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In every organization, good employee treatment, appreciation of racial and ethnic diversity, and effective communication are the pillars of successful business and growth. Notably, Coca-Cola is an international company, which handles various consumers and employees from diverse cultures and races.
The fact that the company operates in several countries such as the United States makes it one of the companies that encounters issues that pertain to race and culture. Over time, several challenges have been evident in the company. These challenges experienced by Coca-Cola Company range from employees, management, public relations, management structure to issues that regard communication.
Therefore, the essay discusses the discrimination issues raised by four African-Americans that led to a lawsuit, examines actions that would have prevented or minimized the lawsuit, and considers the company’s structural and human resource perspectives and leadership styles.
The discrimination issues raised by four African-Americans centered on promotions, salaries, and dismissals. In essence, African-Americans complained that Coca-Cola Company was not fair in employee treatment. According to Harvey and Allard (2014), the employees explained that the company discriminated them based on race or gender when they undertook promotions or dismissals.
As a result, many African-Americans and women experienced untimely dismissals and low pay, unlike their white counterparts. Furthermore, racial and gender discrimination comprised unfair promotions, which focused on whites leaving out some women and African-Americans, who were outstanding and deserved promotions.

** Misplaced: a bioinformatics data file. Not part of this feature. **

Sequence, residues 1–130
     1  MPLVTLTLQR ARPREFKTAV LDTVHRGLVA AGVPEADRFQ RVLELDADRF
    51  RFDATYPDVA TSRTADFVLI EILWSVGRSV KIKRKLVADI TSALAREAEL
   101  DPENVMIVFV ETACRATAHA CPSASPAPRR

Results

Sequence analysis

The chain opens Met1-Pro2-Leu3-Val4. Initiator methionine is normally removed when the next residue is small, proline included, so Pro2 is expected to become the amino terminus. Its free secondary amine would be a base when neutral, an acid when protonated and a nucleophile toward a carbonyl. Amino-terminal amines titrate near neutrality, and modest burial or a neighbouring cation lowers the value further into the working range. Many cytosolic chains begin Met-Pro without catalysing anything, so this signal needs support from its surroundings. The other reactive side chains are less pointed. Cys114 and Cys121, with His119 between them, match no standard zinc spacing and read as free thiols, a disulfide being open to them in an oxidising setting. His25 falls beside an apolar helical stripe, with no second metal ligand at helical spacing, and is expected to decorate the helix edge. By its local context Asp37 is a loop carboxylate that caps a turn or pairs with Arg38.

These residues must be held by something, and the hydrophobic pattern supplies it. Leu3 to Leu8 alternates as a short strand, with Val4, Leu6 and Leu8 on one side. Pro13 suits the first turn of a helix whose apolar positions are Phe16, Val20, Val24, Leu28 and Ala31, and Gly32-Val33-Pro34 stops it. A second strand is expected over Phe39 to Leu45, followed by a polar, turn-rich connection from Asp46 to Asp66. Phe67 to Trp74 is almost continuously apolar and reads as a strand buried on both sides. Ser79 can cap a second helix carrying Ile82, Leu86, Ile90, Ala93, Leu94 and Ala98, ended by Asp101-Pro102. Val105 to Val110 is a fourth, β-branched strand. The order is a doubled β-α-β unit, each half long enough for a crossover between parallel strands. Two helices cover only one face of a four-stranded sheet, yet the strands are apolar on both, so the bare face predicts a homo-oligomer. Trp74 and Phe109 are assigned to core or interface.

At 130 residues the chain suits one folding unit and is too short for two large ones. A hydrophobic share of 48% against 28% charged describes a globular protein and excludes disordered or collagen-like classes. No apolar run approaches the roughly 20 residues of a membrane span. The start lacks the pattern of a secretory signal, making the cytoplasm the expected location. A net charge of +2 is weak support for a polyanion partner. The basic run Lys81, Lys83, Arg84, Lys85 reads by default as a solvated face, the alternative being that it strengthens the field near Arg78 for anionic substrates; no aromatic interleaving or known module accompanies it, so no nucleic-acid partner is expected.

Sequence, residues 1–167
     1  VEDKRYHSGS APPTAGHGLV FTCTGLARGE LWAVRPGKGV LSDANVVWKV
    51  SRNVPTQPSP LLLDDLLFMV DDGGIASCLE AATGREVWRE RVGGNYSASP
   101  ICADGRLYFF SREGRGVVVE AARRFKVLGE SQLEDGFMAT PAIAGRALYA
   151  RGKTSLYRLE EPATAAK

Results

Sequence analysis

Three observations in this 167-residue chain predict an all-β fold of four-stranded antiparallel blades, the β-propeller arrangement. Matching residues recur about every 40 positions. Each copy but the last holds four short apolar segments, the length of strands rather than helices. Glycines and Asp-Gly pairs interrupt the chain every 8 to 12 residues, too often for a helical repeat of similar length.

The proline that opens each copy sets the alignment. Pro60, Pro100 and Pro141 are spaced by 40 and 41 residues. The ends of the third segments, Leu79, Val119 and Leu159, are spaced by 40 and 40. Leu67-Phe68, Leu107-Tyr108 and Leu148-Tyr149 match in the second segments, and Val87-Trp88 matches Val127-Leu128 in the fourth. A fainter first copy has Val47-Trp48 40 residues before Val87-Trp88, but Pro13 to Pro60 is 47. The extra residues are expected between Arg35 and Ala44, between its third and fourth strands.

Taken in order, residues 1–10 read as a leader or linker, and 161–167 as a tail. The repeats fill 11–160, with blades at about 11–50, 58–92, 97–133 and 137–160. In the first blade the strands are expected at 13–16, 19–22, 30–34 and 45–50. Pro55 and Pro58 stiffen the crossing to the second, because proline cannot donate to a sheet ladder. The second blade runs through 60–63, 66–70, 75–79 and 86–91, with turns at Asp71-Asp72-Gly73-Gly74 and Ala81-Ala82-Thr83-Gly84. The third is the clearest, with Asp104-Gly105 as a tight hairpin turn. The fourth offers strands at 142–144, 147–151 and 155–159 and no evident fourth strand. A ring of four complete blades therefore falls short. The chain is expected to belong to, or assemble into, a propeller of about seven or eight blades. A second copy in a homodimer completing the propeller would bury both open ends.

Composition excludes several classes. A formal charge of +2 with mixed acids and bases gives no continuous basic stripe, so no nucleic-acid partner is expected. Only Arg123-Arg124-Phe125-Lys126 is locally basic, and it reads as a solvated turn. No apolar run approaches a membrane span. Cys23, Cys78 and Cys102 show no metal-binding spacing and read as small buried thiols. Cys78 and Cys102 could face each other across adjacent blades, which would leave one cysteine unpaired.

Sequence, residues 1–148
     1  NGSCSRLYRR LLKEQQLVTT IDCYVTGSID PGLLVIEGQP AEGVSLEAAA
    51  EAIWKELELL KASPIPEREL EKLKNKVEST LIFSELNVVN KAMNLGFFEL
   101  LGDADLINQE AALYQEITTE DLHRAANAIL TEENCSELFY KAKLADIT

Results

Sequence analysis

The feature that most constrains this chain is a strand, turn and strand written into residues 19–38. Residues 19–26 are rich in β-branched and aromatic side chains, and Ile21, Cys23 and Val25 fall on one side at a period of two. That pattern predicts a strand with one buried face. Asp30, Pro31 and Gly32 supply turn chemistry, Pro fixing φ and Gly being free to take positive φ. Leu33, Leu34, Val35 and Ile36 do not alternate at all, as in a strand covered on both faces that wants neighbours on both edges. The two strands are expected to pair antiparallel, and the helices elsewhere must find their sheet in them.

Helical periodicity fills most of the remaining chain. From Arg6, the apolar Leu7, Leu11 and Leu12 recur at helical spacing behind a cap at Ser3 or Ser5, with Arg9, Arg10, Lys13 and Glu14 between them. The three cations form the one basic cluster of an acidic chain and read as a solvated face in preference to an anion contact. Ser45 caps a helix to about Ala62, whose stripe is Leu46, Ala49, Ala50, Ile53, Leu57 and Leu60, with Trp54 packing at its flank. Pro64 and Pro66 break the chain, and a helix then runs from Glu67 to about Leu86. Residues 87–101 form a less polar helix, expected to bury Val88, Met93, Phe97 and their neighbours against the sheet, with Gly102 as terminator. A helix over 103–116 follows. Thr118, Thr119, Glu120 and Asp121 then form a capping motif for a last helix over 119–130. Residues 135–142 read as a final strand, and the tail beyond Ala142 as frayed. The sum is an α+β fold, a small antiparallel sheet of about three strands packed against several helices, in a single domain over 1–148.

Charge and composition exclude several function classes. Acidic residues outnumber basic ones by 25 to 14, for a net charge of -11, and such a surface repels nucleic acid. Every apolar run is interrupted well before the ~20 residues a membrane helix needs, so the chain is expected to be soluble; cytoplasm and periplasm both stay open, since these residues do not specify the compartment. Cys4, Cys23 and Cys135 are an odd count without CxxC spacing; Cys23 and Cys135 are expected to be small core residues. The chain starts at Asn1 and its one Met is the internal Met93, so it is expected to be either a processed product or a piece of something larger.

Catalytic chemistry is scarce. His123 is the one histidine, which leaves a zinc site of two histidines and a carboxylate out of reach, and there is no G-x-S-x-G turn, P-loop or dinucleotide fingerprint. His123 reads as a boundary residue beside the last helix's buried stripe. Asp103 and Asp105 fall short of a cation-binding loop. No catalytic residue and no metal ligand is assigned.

For instance, during the study done by the oversight committee formed to oversee the lawsuit settlement compliance in the company, one of the observations was the concentration of the Blacks in low-level employment. Moreover, in 2002, the 14-team board members of the company comprised two White women, 1 African-American, and 11 White men, an element that demonstrated the high disparity of fairness in Coca-Cola Company.
Some of the actions that Coca-Cola Company would have undertaken to address the discrimination issues raised by four African-Americans before it became a class action lawsuit included fair treatment of employees and good communication.
Since the issues presented by the employees concerned racial and gender discrimination, it implies that Coca-Cola Company should have focused on initiatives that encouraged employees regardless of their race or gender. In the assertion of Estreicher and Sherwyn (2009), the company received complaints from African-Americans and dismissed them, an act that demonstrated the absence of concern for employee grievances.
By engaging in the activities geared towards the aspect of gender and race, the company would have effectively minimized or prevented the issues before they resulted in a class lawsuit. By dismissing the grievances advanced by their employees, the company compelled them to present their issues in a court of law.
It is evident that if the company had listened to the grievances such as discrimination and addressed them effectively, the challenge would not have become a class lawsuit. An outstanding example is clear when Carl Ware, one of the high ranked African-Americans in the company, employed problem-solving skills in 1981 and drafted a $50 million program (Harvey & Allard, 2014).